# Magnets in Cars-Coils in Roads

1. Jan 26, 2010

### ruko

Magnets in cars passing over coils in roads would definitely generate power. There are a few people who think this would be free power. I don't know how to properly explain why it would NOT be free power. Can someone help?

Last edited: Jan 26, 2010
2. Jan 26, 2010

### Staff: Mentor

The energy transferred to the coils would come from extra gas burned to overcome the extra resistance to motion. You are correct, there is no free energy.

3. Jan 26, 2010

### James Leighe

Just to be clear, would this resistance come from the attraction of the car's magnet to the coil? Or is it that the coil is resisting the 'charging' by the car's magnet (it comes from relative motion)? Or both?

4. Jan 26, 2010

### Staff: Mentor

Just as in a regular rotating generator, the current that is induced in the coil generates a reverse magnetic field that opposes the field that is inducing the current. This makes a resistance to the motion of the exciting magnet. That's why there is resistance to rotation of a rotating generator, when there is a load connected to its output.

http://en.wikipedia.org/wiki/Electric_generator

.

5. Jan 26, 2010

### DavidSnider

What if you put them at stop lights or freeway exits or similar places where people are slowing down anyway? It's not free energy, but would it be 'more efficient' energy?

6. Jan 26, 2010

### f95toli

I saw a segment on the BBC a while back where someone had designed a speed bump that "produced" energy, i.e. the energy that would normally be dissipated by breaking the car was somehow turned into electricity when the car drove over it.
I very much doubt it would be commercially viable, but it was a nice idea.

Also, there are already all sorts of techniques for recovering energy from cars that are slowing down, most(all?) hybrids use regenerative breaking which does exactly that.

7. Jan 26, 2010

### Staff: Mentor

In addition to f95's comments, remember that adding weight to a car requires burning more fuel. The speedbump idea would be more efficient, though not much fun for the cars.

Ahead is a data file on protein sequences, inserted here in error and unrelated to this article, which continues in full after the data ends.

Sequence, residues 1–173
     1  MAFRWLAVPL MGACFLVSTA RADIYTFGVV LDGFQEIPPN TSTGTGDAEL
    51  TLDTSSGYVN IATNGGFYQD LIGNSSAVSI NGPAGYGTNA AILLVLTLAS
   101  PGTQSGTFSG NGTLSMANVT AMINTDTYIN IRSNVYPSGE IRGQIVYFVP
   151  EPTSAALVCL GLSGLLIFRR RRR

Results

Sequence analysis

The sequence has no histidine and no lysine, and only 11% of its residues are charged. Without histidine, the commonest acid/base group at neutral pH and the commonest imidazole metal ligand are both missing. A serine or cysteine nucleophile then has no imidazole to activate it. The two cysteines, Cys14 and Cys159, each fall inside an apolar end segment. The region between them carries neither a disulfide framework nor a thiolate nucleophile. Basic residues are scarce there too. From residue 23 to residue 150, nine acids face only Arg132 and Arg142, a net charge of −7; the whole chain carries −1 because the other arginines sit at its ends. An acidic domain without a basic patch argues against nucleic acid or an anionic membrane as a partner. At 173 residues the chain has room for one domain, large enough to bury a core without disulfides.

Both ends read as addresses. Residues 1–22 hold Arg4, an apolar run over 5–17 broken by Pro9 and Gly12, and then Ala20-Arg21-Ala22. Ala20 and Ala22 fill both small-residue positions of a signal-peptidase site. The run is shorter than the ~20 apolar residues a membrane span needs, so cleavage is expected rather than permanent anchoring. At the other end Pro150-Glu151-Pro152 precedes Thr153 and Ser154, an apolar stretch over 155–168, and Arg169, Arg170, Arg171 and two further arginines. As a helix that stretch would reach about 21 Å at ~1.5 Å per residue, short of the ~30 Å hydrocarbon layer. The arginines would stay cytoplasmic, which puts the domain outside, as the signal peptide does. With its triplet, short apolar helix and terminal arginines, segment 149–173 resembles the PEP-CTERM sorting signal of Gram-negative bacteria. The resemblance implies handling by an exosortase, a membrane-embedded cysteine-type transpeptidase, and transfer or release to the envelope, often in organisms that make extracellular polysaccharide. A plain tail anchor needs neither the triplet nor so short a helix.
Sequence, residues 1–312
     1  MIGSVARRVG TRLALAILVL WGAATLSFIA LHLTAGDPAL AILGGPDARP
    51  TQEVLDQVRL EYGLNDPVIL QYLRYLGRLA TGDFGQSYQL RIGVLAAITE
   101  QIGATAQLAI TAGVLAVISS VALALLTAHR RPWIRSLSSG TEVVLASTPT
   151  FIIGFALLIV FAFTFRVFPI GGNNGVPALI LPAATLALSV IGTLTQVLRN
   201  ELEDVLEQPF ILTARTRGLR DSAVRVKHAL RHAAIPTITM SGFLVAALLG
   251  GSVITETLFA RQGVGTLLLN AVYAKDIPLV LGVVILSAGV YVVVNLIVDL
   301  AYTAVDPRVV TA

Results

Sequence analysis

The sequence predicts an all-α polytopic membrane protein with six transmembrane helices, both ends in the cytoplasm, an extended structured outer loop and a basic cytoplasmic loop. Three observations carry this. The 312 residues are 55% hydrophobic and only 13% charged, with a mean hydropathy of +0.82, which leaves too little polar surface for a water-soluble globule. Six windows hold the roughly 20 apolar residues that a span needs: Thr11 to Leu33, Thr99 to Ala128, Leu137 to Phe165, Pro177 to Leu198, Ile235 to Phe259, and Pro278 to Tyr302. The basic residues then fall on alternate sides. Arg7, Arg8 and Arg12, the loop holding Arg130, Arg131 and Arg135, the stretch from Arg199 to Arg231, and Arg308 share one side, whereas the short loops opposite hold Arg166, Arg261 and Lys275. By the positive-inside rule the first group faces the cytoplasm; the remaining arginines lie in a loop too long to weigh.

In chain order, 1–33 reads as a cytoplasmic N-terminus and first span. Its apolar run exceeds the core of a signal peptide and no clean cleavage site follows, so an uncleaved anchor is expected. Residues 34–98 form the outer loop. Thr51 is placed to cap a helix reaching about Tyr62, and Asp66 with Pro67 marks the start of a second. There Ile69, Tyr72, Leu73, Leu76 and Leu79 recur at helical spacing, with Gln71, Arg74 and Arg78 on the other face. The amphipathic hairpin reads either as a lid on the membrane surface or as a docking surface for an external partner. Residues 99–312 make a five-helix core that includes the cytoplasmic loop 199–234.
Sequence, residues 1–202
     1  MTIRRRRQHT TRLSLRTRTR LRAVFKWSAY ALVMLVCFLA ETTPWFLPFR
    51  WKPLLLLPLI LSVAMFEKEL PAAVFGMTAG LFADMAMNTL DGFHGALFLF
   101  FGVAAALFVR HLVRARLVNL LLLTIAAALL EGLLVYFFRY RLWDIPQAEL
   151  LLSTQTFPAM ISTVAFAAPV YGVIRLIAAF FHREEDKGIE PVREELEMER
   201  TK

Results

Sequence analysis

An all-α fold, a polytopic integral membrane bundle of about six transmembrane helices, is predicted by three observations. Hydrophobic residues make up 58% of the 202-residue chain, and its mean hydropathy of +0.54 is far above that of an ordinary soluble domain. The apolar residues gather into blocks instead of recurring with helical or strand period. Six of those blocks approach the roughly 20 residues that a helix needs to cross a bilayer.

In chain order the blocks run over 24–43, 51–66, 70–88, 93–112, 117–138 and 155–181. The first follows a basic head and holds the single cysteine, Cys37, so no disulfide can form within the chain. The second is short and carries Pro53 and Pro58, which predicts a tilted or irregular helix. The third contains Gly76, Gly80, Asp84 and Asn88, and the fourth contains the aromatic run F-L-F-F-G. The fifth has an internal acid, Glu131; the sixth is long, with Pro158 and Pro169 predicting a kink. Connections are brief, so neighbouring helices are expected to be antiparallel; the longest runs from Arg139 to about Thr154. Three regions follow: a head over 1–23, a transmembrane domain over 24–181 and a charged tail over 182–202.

8. Jan 26, 2010

### ully

Think about electricity as marbles in a tube- you push on the marble on one end, and almost instantly the marble on the other end moves. You could put a match box on the end of the tube and you can still easily push the marble- but it is a little harder to do, but that is work performed.

It is really the same thing, Voltage represents a difference in pressure (charge to be specific)- the pressure of electrons (and protons- but they aint budging, unless your talking about inside a plasma field (like a neon sign)) You have one wire with high pressure (dangerous) and one wire with low pressure (less dangerous and depending on design totally safe) but in reality they are both the same wire- just different ends.

When a magnet passes over say a coil a copper wire- that magnetic field pushes the electrons in the same direction. In the direction it travels becomes the side which is now under higher pressure. In order to make anything under pressure takes some oomph- and that oomph is energy required which will mean more gas is needed to drive the same distance at the same speed.

Then you have to factor in efficiency- a car is 20-30% efficient, it has to be able to operate in all sorts of ways- sometimes you have to hit the gas to get on the highway, sometimes you are backing out of your driveway- and you dont want to wait 2 hours for your car to warm up. A power generation facility is designed to run one way- optimally their engines are not changing rpms- there is no need for transmissions and other energy robbing but vital components for a car which is why they are closer to 80-98% efficient at producing power from fuel.

Also the amount of infrastructure in my opinion would NEVER pay off- by the time the system is rusted and falls apart it will not have produced more energy then it took to construct. Mining ore, refining ore, machining metal takes GREAT deals of energy.

9. Jan 27, 2010

### ruko

Thanks to all.